By Kacy George
South Park recently spoofed the presidential election season by dubbing the two major candidates, “Giant Douche” (Donald Trump) and “Turd Sandwich” (Hillary Clinton). In doing so, they highlight a common sentiment among New York millennial voters–– many of whom voted for Bernie Sanders during the primary.
“Definitely not Trump!” Jason Pacheco, 22, exclaimed. “Probably Gary Johnson. I don’t know. They say you ‘have’ to vote for one of the two candidates. I voted for Bernie in the primaries but…”
According to USA Today/Rock the Vote, “Sanders still looms as a powerful factor for millennials.” Although millennials dislike Clinton, an immense distaste for Donald Trump drives millennial support for Clinton, three to one.
Despite a contentious primary, Sanders endorsed Clinton. The senator arguably receives credit for moving Clinton and the Democratic platform to the left. Now, Clinton’s routine stump speech features the idea that “the economy should work for all of us, not just those at the top,” an echo of Bernie Sanders.
For Fleidy Aponte, 21, Clinton is more palatable because of Sanders. “Bernie started to push her [policies] to the left,” she says.
Like many millenials, Aponte would like to see the next president work on economic inequality, an issue Sanders stressed in the primaries. “I’m way too poor for this,” Aponte states. “Originally I was going to vote for Jill Stein but I don’t want to elect Trump. Probably Hillary Clinton.”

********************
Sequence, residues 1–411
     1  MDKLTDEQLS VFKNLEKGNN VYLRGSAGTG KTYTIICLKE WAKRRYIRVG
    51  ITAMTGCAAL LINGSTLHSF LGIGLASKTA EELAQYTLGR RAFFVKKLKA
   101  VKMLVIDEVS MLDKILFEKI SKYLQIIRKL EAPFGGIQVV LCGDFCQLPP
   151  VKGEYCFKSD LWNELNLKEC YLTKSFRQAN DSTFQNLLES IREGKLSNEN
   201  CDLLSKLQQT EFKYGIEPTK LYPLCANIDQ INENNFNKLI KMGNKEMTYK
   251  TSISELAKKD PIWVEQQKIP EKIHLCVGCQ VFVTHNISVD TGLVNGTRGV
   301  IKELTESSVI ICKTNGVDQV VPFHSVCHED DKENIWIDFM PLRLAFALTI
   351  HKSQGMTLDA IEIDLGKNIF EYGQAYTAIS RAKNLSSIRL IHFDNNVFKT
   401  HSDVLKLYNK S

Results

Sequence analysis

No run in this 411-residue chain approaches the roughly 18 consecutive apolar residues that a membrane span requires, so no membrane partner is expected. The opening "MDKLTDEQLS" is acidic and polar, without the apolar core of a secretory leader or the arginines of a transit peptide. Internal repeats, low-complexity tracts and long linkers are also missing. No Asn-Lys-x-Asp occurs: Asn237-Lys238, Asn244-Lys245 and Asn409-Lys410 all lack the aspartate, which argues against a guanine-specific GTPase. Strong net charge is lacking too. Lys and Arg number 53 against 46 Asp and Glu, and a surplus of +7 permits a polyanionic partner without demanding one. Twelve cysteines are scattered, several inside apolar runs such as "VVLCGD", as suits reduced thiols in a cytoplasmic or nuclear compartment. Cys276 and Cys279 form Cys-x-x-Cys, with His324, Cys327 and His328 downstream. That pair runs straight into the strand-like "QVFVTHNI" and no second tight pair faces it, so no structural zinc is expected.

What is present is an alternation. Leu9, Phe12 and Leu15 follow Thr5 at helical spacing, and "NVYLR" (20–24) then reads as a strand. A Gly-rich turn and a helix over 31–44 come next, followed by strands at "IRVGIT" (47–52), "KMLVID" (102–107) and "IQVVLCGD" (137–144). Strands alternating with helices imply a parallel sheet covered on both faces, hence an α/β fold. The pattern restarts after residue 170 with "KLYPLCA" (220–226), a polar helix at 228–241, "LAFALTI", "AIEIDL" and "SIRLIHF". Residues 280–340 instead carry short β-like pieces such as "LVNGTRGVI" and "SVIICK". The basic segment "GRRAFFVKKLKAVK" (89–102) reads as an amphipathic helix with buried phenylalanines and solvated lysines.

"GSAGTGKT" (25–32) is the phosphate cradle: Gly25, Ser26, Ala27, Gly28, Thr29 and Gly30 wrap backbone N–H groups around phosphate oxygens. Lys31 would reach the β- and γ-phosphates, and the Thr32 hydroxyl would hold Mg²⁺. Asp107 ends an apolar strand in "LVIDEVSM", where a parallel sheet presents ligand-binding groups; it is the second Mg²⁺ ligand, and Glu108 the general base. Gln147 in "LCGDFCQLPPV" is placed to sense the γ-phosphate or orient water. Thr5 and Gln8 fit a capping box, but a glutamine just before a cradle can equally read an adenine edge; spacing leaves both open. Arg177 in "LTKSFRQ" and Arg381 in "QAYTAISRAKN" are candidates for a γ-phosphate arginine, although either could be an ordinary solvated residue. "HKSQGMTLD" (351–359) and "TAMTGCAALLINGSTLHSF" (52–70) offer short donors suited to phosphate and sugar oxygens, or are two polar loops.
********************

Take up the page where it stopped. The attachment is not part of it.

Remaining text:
Unlike Sanders, Donald Trump has failed to capture the support of this struggling generation. “Why is Trump still up there?” questions Michelle Pereyra, 20. “I wanted to write in Bernie Sanders because this two party system trick limits the expression of opinions,” states Pereyra. “But I hope Hillary Clinton wins because it’ll be a huge milestone for women in general.”
The possibility of a first female president resonates with many New York millennial voters. “I’m most likely going to vote for Clinton; it’s about time we had a woman president. Most other countries have had a female president,” commented Dante Maida, 23.
A noticeable absence of enthusiasm fills his voice. “[She’s] the best of the bad choices. The bare minimum.” Maida continues. “At least she will stick to the typical democrat platform” he resigned.
Officials worry that this lack of enthusiasm will lead to low voter turnout. Clinton’s Get-Out-The-Vote campaign has turned to Bernie Sanders’ star-power throughout this election to redeem the support and dollars of millennial voters. Sanders recently raised four million dollars for down ballot Democrats after a Twitter war with Paul Ryan.
Despite both Clinton and Trump struggling with likability, one political figure ascended this election season as a respected and beloved symbol. Sanders represents the eventual revolution coming with maturation of a disenfranchised generation.